Chemistry Major and Minor
The program in chemistry is designed to meet the needs of students who are pursuing chemistry as part of a pre-professional course or to increase their knowledge of the natural sciences.
Our program recognizes that chemistry as a discipline is a core science but is also intertwined with a number of other fields, including physics, biology and math/computer science. In fact, some of the most exciting areas in science today are found in the interdisciplinary fields of chemical physics, chemical biology, theoretical/computational chemistry, environmental studies and materials science.
Curriculum & Courses
Our curriculum is approved by the American Chemical Society and students can obtain an ACS-certified degree in chemistry by taking an additional course in physical chemistry, a full year of physics, and at least one semester of biochemistry.
Majors can also design a program that explores interdisciplinary areas such as chemical physics, computational chemistry, materials science, or biological chemistry. Many opt to pursue our Biochemistry and Biophysics Concentration, Scientific Computing Concentration, or an array of complementary minors.
The core required courses are:
- four semesters of introductory and organic chemistry: CHEM H111, CHEM H113 OR CHEM H115, CHEM H112 OR CHEM H114, CHEM H222, and CHEM H225.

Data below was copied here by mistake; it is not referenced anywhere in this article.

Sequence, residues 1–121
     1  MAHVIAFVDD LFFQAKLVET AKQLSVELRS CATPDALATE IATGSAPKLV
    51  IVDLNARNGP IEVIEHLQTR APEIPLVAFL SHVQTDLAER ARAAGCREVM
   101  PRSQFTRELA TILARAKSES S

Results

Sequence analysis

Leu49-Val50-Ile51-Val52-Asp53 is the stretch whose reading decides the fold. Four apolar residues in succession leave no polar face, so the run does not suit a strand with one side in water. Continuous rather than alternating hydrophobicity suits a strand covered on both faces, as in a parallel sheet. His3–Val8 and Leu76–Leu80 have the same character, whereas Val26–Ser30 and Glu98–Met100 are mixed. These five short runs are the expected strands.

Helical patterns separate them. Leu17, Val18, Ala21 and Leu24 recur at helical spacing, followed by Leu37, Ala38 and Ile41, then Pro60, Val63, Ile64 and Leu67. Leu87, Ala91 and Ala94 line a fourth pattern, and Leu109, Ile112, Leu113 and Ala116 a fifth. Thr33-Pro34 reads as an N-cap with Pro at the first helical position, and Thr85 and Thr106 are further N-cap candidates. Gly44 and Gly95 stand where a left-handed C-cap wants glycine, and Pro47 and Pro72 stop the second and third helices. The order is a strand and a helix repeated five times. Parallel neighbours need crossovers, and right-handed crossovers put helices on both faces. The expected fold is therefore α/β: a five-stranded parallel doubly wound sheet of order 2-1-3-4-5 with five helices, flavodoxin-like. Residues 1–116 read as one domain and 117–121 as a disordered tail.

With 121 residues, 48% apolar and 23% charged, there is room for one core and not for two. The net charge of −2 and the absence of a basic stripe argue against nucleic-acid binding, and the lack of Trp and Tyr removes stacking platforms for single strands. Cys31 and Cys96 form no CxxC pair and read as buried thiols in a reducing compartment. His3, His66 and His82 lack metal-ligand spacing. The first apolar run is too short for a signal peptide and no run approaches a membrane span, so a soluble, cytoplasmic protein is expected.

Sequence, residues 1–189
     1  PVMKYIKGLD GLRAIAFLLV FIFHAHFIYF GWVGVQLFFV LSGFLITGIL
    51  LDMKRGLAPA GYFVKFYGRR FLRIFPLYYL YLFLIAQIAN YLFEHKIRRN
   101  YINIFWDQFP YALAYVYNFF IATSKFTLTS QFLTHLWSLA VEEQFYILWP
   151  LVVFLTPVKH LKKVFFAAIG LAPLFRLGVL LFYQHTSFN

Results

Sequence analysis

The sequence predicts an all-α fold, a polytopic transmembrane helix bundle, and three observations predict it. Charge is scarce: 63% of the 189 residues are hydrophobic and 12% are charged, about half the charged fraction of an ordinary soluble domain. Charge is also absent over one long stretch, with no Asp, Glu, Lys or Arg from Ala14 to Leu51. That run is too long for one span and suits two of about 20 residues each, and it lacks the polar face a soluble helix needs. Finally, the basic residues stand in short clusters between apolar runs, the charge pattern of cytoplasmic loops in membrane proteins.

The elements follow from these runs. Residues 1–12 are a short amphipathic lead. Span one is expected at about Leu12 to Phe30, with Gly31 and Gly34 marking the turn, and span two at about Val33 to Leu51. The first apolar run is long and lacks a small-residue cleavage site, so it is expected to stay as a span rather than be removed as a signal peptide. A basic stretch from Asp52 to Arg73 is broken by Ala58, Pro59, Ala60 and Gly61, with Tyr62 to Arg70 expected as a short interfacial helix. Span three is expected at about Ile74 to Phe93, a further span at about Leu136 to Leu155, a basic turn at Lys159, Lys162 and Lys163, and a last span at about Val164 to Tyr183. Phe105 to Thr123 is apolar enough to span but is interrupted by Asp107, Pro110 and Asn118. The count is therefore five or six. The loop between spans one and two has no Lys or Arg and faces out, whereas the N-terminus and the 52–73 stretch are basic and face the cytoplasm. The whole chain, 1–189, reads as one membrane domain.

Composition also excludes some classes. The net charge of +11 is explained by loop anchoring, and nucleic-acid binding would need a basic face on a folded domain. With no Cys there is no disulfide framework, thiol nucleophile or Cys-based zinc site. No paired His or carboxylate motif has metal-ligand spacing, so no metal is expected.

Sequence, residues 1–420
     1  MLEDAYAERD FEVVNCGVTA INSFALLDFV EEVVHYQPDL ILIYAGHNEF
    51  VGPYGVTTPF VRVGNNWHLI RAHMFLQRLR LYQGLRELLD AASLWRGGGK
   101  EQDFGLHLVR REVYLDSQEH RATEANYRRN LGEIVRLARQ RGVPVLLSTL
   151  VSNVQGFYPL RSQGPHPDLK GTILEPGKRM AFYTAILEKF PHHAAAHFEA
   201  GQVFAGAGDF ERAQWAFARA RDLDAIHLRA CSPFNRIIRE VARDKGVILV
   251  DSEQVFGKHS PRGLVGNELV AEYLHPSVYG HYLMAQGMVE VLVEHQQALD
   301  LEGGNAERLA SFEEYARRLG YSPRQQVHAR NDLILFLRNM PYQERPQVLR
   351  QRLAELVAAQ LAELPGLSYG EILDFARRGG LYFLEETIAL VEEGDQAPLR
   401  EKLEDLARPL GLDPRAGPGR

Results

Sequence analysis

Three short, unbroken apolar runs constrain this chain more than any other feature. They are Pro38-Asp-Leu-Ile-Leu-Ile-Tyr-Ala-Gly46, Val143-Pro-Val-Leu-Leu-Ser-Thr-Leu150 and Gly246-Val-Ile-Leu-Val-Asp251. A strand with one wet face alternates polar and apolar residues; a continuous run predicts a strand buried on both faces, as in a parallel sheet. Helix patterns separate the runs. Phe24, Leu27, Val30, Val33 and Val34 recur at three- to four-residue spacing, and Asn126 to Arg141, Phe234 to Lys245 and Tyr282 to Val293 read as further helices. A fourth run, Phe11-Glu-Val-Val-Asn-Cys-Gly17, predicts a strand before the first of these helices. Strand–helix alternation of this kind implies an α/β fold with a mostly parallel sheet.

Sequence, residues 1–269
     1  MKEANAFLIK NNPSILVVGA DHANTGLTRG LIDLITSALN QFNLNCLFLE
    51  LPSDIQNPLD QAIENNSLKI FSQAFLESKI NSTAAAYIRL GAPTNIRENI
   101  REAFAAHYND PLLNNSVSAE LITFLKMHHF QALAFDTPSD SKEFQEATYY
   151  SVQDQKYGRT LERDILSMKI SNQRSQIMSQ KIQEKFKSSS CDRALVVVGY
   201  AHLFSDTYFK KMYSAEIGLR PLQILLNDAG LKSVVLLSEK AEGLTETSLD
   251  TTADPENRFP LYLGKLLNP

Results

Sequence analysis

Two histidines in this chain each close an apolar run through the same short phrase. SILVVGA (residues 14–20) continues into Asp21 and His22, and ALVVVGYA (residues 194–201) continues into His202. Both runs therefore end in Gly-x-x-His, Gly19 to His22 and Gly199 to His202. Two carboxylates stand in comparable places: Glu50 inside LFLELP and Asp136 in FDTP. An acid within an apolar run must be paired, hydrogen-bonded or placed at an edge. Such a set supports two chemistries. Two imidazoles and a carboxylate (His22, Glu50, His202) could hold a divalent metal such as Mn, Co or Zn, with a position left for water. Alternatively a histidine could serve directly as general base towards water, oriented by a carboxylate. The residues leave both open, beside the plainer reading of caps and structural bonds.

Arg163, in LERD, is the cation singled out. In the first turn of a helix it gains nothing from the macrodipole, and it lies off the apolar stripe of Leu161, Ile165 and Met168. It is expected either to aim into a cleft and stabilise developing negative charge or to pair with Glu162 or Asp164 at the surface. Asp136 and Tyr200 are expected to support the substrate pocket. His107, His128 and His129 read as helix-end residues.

- two semesters of advanced integrative chemistry laboratory (“Superlab”): CHEM H301 and CHEM H302.
- one semester of physical chemistry: CHEM H304 or CHEM H305.
- one semester of senior research tutorials: CHEM 36x or CHEM H380.
- two half-semester courses in inorganic chemistry: CHEM H320 and one of CHEM H351, CHEM H353, or CHEM H354.
- Departmental Seminar: CHEM H391 (a half credit course spread over two semesters).
Chemistry majors must also complete:
- one semester of additional advanced chemistry courses numbered CHEM H304-CHEM H358.
- one semester of math (MATH H118 or above).
- two semesters of either introductory physics (PHYS H101/PHYS H102 or PHYS H105/PHYS H106) or biology (BIOL H200).
ACS-Certified Chemistry Major
An American Chemical Society (ACS) certified major requires additional coursework and is recommended for students interested in pursuing graduate study in science and engineering, or who wish to directly enter the job market in a chemistry- related field after graduation.